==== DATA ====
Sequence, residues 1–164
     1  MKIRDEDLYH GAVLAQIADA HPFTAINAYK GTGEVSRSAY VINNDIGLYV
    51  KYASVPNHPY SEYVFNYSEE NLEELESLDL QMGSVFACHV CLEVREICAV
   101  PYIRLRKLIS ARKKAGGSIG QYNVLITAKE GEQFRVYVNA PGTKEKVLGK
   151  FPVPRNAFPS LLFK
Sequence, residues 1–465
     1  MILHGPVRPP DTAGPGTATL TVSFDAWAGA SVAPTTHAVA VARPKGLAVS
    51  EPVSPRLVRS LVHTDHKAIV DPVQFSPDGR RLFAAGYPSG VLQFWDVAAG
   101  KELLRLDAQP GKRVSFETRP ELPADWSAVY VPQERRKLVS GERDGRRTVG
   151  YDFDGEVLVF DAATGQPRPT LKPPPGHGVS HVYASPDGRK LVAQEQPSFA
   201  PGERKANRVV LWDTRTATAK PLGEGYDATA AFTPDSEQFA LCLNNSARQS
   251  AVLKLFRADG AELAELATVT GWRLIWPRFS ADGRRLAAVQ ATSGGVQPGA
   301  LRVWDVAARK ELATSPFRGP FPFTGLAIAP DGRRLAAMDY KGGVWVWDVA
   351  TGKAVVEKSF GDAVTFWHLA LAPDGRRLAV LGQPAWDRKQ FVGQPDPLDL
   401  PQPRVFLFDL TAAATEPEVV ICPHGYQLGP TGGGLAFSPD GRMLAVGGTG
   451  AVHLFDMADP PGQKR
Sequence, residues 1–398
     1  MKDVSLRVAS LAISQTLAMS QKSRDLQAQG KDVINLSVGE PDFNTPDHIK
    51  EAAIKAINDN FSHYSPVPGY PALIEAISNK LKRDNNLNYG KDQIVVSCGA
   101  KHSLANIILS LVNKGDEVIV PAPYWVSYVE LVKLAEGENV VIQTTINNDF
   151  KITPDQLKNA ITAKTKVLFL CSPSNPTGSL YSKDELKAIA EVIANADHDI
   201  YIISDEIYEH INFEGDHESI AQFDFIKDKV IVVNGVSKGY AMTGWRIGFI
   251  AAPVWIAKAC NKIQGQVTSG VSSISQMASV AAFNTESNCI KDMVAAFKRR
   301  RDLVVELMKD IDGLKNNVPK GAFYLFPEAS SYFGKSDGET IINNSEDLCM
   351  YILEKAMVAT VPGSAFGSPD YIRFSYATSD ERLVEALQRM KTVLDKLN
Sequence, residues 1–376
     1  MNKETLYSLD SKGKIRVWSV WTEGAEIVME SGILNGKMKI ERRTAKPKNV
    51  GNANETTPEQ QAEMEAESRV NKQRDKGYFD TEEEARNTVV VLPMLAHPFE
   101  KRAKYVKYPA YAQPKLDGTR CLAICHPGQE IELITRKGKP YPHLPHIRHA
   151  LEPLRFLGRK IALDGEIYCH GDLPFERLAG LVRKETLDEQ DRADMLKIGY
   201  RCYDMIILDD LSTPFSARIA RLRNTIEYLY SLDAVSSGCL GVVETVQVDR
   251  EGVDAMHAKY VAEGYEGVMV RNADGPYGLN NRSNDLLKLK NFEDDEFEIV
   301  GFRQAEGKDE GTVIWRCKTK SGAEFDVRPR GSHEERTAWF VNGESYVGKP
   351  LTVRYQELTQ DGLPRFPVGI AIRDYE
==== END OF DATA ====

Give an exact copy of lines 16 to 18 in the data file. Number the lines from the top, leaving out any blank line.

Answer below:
   451  AVHLFDMADP PGQKR
Sequence, residues 1–398
     1  MKDVSLRVAS LAISQTLAMS QKSRDLQAQG KDVINLSVGE PDFNTPDHIK